Bamboo is a dense, woody grass that is used to make furniture and flooring. They can be used as large ornamental plants or as a dense privacy barrier in your garden. If you already have bamboo, you can easily propagate it by taking cuttings from the culms, which are the main stalks, or the rhizomes, which are the root system.
Method 1 Propagating Culm Cuttings
1. Choose and sterilise the proper tool for cutting the bamboo. The tool you use will be determined by how thick and robust your bamboo is. If you have thin bamboo, a sharp knife may suffice. If your bamboo is tougher, you might need to use a handsaw. Before you use any tool, sterilise it with household disinfectants such as diluted bleach or rubbing alcohol.
If you’re going to use bleach to sterilise your tool, dilute it first with water. For every 32 parts water, 1 part bleach should be used. Use 1 tablespoon (15 mL) of bleach for every 1/2 litre (0.13 US liquid gallon) of water, or 4 fluid ounces per US gallon.
2. Cut a 10-inch-long (25-cm) piece of bamboo at a 45-degree angle. Each piece of bamboo you cut should have at least three or four nodes, which are the rings that wrap around the stalk. If you want to grow bamboo from a cutting, it should be at least 1 inch (2.5 cm) in diameter.
3. One end of the cutting should be treated with a rooting hormone. When you replant the cutting, the rooting hormone will aid in the development of the roots. Dip the bamboo end into the hormone and shake off any excess. Root growth hormone is available in powder form at any gardening store.
4. Apply 18 inch (3.2 mm) of soft wax around the exposed end’s rim. Make use of a soft wax, such as soy wax or beeswax. The wax will keep the stalk from rotting or drying out. Make certain that the centre hole is not covered with wax.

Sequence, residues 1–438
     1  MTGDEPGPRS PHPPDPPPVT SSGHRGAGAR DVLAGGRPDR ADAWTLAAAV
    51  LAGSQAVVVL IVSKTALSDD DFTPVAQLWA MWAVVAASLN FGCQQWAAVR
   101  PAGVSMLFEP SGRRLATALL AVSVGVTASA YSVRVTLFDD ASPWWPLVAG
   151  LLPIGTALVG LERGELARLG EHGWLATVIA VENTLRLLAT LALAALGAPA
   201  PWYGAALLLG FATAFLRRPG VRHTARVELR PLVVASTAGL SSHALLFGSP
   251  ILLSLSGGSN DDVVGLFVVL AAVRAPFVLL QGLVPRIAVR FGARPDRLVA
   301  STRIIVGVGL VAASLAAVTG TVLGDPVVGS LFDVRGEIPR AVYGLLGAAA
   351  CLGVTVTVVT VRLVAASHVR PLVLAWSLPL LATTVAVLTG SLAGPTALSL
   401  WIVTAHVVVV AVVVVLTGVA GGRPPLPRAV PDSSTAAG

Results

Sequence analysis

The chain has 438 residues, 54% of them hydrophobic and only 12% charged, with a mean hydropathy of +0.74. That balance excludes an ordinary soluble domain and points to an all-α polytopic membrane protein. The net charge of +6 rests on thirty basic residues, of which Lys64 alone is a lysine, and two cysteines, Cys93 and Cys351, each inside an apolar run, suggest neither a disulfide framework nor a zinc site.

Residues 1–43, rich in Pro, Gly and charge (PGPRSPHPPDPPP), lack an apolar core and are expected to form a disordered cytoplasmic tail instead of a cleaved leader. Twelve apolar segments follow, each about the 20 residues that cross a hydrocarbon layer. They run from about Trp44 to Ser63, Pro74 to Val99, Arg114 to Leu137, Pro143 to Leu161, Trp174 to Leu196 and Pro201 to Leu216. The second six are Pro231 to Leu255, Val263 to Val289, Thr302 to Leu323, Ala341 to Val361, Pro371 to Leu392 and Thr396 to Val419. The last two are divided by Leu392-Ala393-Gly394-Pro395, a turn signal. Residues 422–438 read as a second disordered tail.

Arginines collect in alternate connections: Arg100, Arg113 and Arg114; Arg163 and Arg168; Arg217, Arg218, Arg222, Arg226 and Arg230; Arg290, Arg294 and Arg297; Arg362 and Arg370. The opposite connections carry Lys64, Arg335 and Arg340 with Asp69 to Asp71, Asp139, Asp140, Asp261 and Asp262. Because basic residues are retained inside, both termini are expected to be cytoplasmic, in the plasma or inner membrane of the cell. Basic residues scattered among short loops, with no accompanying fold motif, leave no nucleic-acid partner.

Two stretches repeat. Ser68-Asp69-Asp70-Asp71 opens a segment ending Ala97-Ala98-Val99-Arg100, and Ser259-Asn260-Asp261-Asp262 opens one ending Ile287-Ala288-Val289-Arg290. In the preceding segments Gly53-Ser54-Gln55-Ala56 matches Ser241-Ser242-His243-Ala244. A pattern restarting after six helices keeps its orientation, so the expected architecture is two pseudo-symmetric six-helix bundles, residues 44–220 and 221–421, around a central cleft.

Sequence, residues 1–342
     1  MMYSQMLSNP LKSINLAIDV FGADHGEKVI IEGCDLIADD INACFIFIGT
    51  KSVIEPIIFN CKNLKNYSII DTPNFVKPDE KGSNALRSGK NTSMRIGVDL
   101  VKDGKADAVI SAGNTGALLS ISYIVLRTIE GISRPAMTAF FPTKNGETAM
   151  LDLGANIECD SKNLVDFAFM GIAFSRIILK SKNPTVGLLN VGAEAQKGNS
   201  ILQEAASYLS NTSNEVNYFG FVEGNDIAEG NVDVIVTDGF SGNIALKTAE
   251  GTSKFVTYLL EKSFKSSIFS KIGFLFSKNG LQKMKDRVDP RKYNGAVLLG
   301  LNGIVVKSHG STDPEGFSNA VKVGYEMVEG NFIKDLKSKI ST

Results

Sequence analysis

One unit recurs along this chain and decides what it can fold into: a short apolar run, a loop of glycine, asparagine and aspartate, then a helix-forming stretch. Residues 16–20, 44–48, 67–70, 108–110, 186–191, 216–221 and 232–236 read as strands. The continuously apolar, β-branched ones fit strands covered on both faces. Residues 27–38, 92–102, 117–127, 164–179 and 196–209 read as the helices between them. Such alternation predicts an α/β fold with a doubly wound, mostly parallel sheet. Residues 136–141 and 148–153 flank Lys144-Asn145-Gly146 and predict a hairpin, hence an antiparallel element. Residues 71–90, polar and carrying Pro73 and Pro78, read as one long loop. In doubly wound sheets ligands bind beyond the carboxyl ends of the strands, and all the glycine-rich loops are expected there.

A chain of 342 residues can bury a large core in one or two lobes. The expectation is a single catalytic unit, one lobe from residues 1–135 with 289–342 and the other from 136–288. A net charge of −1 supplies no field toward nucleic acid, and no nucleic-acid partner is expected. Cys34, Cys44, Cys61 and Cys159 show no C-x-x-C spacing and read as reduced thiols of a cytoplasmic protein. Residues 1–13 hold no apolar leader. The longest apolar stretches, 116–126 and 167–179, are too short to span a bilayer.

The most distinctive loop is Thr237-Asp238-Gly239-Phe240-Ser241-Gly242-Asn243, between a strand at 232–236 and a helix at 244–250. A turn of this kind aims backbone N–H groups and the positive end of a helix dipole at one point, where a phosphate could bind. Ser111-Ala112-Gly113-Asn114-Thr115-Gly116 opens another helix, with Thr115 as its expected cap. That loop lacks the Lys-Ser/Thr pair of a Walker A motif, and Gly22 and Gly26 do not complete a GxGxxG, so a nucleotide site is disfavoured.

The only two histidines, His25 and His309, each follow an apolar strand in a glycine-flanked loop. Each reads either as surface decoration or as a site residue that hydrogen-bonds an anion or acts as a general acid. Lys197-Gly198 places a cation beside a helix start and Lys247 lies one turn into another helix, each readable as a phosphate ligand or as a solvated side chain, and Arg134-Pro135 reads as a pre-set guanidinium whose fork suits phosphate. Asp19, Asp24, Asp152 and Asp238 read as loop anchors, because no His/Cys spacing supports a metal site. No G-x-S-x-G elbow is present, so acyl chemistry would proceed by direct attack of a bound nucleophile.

5. Bury the cutting 1 node deep in potting soil in a pot. For each cutting, a small nursery pot will suffice. Insert the bamboo into the potting soil until one of the nodes is completely buried. Firmly press the soil around the bamboo to remove any air pockets.
6. Using a spray bottle, thoroughly mist the soil. The soil should be moist to the touch and saturated, but not muddy. Make sure the soil is wet by inserting your finger up to the first knuckle.
7. Water should be poured into the centre of the cutting. While moist soil encourages root development, pouring water into the centre of the stalk will provide additional water to your cutting. As it grows, check the water level every two days and keep the centre mostly filled with water.
8. Keep the pots in a warm, out-of-the-way location and water them on a daily basis. While growing, bamboo cuttings should be kept mostly in the shade, but a little light throughout the day is fine. Check the soil on a daily basis to ensure that it is moist. Water should not be allowed to sit on top of the soil. Too much water will cause any developing roots to rot.
A plastic bag can be placed over the cutting to help the plant retain moisture, though this is not required for it to grow.
9. After 4 months, transplant the bamboo. Within 3 to 4 weeks, you should notice your cutting’s height increasing and more branches emerging from the nodes. After 4 months in the pot, you can transplant the cutting into the ground.